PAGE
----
What Is Chaos Never Dies Day — and How Can It Help You Destress?
There seems to be a sort of unofficial hierarchy when it comes to holidays. At the top, you’ve got your handful of federally recognized holidays, like Christmas Day and Juneteenth. Since federal holidays are often widely observed, banks and other office work-driven businesses also tend to shut down.
Of course, there are also state and local holidays that have some regional flare — think Patriots’ Day in Boston, Massachusetts, for example — and a slew of holidays that we all seem to celebrate socially, like St. Patrick’s Day, but that don’t amount to time off. And, finally, there are those incredibly random “holidays” — ones that gain traction on social media, like National Deviled Egg Day or World Giraffe Day, but don’t necessarily make it onto your calendar.
One of those obscure holidays that falls somewhere between a social media trend and a day (that’s maybe) legitimately tied to celebrations of the past is National Chaos Never Dies Day. Never heard of it? You aren’t alone. Each November 9, folks across the country acknowledge Chaos Never Dies Day, but it remains shrouded in mystery — and not very mainstream. Here, we’re diving into the history of Chaos Never Dies Day and how you can go about marking the occasion.
What Is Chaos Never Dies Day?
When it comes to November holidays, Americans likely think of Thanksgiving or Veteran’s Day first. Of course, there’s also shopping-centric days of note, like Black Friday and Cyber Monday, as well as international events, such as Guy Fawkes Night, that commemorate more place-specific happenings.
The ninth day of November is known as World Freedom Day as well as World Orphans Day, both of which raise awareness. But, if you’re looking for something a bit more unruly, you might want to go all in on recognizing National Chaos Never Dies Day this November 9.
In the true spirit of chaos, the holiday was dubbed National Chaos Never Dies Day despite the fact that it isn’t recognized on a national or federal level. Instead, it seems to hold a special place on many websites’ “National Day” calendars. While there are clearly a modest number of celebrants, we might all stand to benefit from Chaos Never Dies Day, which is centered around embracing life’s havoc.
In other words, it seems to be one of the few holidays that encourages us to openly admit to our feelings and stressors instead of hiding them away. And, instead of promoting calmness and stress relief through moments of peace and quiet, the day suggests that the perfect, peaceful moment doesn’t exist. So, live in the now and embrace that ever-present chaos!
The History of Chaos Never Dies Day — Sort Of
The history of Chaos Never Dies Day is rather murky. No one has actually stepped up to claim this great day as their own creation — quite possibly because their life was too chaotic to go through the pains of achieving notoriety. Regardless, chaos as a concept has always fascinated humans.
Back in the days of the ancient Greeks, Chaos (or Khaos) was among the first of the beings to ever exist — or rather, not exist. In fact, Khaos wasn’t quite a being or deity, but the original state of things before the universe actually came into being. A kind of void. To paraphrase Ovid, Khaos was a kind of disorganized state of nothingness from which the gods created order and the universe.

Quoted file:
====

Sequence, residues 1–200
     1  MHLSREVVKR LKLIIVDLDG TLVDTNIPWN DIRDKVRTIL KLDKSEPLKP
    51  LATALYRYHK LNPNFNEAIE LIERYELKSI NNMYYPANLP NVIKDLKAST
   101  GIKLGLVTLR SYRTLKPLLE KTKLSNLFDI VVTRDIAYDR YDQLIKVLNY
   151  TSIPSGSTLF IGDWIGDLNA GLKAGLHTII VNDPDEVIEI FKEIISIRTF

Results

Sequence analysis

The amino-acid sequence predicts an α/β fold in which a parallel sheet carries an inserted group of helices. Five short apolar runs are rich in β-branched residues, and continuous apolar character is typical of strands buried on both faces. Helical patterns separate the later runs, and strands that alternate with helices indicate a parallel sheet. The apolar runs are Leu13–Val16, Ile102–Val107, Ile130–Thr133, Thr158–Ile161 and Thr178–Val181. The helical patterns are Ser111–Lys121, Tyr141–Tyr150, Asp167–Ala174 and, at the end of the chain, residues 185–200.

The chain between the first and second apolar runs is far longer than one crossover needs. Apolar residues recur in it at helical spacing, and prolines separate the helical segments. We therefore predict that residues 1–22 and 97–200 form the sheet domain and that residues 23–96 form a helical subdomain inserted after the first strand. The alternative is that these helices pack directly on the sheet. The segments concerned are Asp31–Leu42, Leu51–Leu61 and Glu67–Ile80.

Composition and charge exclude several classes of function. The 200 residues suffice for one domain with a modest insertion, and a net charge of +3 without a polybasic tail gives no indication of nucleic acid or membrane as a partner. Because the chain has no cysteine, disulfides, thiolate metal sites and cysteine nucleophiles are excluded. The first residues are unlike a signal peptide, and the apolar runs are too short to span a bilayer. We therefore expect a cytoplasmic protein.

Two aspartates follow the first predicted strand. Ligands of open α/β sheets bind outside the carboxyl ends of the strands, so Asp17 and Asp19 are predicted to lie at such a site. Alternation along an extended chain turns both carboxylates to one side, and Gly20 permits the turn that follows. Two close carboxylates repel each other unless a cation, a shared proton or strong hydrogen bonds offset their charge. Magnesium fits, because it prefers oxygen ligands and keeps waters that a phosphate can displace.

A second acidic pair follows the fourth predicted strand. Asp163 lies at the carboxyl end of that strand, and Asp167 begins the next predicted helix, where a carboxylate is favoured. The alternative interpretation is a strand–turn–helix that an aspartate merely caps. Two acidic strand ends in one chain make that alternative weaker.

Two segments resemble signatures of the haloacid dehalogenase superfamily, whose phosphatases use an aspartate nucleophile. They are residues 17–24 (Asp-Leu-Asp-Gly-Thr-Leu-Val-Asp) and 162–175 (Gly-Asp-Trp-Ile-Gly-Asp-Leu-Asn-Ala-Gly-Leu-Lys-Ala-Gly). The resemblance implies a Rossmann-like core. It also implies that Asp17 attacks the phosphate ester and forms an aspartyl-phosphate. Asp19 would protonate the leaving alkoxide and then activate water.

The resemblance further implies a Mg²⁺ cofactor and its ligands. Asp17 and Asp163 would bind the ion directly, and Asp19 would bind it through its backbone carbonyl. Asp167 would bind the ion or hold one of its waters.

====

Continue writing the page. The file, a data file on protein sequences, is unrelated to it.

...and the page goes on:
Chaos enjoyed a new resurgence in popularity in 1963 when mathematician and meteorologist Edward Lorenz discussed chaos in relation to his theories on the butterfly effect. A few years later, in 1975, James A. Yorke, another mathematician, coined the phrase “chaos theory,” which, according to Britannica, is “the study of apparently random or unpredictable behavior in systems governed by deterministic laws.”
How to “Celebrate” National Chaos Never Dies Day
It’s only fitting that a holiday that’s literally based on complete and utter chaos should have no preconceived forms of celebration. Part of the joy of National Chaos Never Dies Day is that you can do whatever you want — even (and especially) if that means sitting back and watching the chaos play out all around you. At its essence, the holiday is all about realizing that life is often out of your control, but you aren’t alone in that mayhem.
Nihilistic philosopher Friedrich Nietzsche wrote that, “You must have chaos within you to give birth to a dancing star.” And it was also Nietzsche who most famously proclaimed, “God is dead,” asserting the death of a certain way of thinking, acting, and considering morality. Life isn’t always confined to rules; maybe there isn’t a higher power with a roadmap. Sometimes, things just happen — and those things can be chaotic. If you think on the concept a bit, you might start to realize that chaos itself isn’t the distressing thing. Instead, our objection to it — our innate refusal to accept it — is what causes that angst.
So, this November 9, why not take a different approach? Instead of trying to remove yourself from the chaos of life or find the calm in the eye of the storm, embrace the chaos. That could mean taking the day off of work. Or cancelling plans with friends. Or accepting that you don’t actually need to control everything. Whatever it may look like for you, sink into the chaos and, perhaps, in the acceptance of life’s disorder, you’ll actually find a different kind of calm.